House Rules Chairman Bill Galvano is practically giddy about his chamber’s latest piece of technology: a clock. “This is an historic moment,’’ he said as the House’s giant video monitor flashed a picture of a grid that listed how much time each side had for debate.
The members of the House sounded a big groan.
“It keeps track of lost time,’’ Galvano promised. The idea is to use the computerized clock and its elaborate display to keep track of the time elapsed for debate. For the last year, the House has begun what it calls “structured debate” giving time limits to speakers on big issues just like Congress. The new clock will allow them to keep track without constantly having to recalibrate it as members yield time to others.
“It’s less about limiting time than getting people engaged – getting more salient points discussed on the floor,’’ Galvano explained before unveiling his new tool. “Year past we’d have a lone speaker on the floor and everybody would be in the lounge or having lunch. This allows for more give and take.’’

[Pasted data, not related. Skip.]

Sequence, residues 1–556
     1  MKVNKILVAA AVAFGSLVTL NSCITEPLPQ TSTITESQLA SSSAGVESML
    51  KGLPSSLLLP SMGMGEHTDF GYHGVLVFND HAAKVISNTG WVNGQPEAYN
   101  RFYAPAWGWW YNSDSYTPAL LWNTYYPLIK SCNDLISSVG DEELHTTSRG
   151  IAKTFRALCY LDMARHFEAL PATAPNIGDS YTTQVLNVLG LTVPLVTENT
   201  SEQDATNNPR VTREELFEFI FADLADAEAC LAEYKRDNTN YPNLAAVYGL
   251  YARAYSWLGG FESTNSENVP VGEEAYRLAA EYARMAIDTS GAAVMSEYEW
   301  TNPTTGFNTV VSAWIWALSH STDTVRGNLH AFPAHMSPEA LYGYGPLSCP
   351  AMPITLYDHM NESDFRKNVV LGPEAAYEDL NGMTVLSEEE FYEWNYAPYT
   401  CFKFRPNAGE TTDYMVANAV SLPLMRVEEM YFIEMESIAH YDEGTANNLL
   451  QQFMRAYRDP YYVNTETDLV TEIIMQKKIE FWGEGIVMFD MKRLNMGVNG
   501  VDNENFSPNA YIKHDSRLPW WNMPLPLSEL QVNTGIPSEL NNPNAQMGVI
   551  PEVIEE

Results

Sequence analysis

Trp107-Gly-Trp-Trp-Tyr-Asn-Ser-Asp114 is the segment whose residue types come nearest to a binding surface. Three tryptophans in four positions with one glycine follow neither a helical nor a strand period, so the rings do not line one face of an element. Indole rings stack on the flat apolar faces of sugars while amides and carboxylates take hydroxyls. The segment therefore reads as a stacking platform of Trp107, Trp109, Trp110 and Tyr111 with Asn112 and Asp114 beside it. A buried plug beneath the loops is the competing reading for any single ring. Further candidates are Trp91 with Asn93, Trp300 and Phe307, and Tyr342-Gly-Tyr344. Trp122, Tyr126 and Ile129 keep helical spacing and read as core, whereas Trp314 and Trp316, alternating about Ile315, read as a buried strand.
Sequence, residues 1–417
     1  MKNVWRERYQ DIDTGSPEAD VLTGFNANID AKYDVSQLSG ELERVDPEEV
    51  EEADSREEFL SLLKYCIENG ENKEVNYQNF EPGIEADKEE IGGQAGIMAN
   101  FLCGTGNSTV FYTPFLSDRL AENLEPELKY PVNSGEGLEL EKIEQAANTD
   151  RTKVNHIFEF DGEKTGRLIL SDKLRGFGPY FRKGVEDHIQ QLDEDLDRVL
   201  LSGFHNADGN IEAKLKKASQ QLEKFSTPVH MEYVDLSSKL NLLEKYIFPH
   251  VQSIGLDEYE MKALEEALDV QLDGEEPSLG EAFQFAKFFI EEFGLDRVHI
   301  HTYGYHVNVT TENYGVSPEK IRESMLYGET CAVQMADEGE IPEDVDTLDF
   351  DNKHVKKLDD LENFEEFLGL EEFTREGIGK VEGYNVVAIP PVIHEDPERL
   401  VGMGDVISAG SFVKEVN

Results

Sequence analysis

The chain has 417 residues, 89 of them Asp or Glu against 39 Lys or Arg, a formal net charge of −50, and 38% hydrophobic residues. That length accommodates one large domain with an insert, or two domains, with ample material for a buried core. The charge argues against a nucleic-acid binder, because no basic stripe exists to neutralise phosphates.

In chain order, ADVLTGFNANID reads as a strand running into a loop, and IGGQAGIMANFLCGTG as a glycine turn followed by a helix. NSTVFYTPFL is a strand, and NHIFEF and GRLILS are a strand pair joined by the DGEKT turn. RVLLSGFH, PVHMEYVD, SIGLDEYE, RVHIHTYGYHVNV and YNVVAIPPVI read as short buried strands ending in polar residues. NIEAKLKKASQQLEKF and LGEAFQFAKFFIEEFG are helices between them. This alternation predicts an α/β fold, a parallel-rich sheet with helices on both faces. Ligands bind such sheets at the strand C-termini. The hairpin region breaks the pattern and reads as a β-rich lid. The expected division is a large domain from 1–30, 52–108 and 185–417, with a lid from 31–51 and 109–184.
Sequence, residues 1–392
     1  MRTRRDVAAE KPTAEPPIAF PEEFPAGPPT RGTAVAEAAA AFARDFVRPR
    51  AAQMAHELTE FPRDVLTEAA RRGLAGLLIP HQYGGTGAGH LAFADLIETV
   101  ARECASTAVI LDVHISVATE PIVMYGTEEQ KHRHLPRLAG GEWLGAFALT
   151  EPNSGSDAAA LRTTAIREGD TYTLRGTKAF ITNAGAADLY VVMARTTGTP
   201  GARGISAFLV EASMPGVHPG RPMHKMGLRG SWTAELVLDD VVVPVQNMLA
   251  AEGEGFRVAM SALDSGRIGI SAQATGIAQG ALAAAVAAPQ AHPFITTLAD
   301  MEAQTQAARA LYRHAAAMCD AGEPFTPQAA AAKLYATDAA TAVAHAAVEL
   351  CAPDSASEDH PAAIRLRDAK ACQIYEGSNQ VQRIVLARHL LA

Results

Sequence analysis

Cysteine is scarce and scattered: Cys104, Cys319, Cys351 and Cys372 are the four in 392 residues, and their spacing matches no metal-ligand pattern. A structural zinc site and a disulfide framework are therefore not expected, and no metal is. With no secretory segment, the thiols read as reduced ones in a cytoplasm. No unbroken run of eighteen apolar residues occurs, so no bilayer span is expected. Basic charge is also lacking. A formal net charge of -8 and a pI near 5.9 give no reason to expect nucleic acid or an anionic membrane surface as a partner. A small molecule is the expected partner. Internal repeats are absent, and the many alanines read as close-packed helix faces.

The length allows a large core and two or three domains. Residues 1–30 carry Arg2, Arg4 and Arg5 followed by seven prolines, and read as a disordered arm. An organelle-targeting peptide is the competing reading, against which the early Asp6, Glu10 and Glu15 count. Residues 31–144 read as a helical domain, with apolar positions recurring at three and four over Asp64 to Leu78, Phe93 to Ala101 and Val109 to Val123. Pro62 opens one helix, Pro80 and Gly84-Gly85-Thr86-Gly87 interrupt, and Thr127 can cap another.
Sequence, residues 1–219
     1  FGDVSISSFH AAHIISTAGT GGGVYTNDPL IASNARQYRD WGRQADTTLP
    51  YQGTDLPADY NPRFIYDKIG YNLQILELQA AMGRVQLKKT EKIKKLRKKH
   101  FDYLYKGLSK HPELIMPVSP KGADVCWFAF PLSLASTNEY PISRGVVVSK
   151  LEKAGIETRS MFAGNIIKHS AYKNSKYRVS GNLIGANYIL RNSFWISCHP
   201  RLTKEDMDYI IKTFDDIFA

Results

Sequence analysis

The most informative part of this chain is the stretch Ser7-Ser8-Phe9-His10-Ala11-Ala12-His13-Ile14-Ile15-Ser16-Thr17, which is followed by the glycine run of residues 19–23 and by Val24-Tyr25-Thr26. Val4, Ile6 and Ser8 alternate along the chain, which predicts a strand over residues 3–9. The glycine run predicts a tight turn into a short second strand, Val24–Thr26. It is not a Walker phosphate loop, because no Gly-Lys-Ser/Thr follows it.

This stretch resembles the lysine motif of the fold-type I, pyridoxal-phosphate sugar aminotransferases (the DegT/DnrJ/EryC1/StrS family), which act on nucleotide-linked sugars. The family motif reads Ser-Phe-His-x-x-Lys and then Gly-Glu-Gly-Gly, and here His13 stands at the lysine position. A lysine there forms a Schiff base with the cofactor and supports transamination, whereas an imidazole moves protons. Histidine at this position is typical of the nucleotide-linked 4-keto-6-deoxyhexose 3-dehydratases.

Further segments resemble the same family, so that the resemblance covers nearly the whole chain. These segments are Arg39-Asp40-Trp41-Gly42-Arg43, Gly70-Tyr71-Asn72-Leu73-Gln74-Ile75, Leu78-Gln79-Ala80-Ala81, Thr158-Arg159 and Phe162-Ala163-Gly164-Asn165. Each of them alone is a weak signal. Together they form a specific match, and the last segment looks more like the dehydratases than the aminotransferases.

Next week, for example, the debate over the House budget will be allotede 130 minutes per side, he said. The time will be kept by Galvano, R-Bradenton, and the Democrat’s floor manager, Rep. Jim Waldman of Coconut Creek.
House Speaker Larry Cretul asked: “Now do we have any serious questions?
Rep. Jimmy Patronis, R-Panama City, responded: “If we don’t stop on red, will a camera take our picture?” The obvious reference to the red light camera proposal for moving traffic elicited more groans.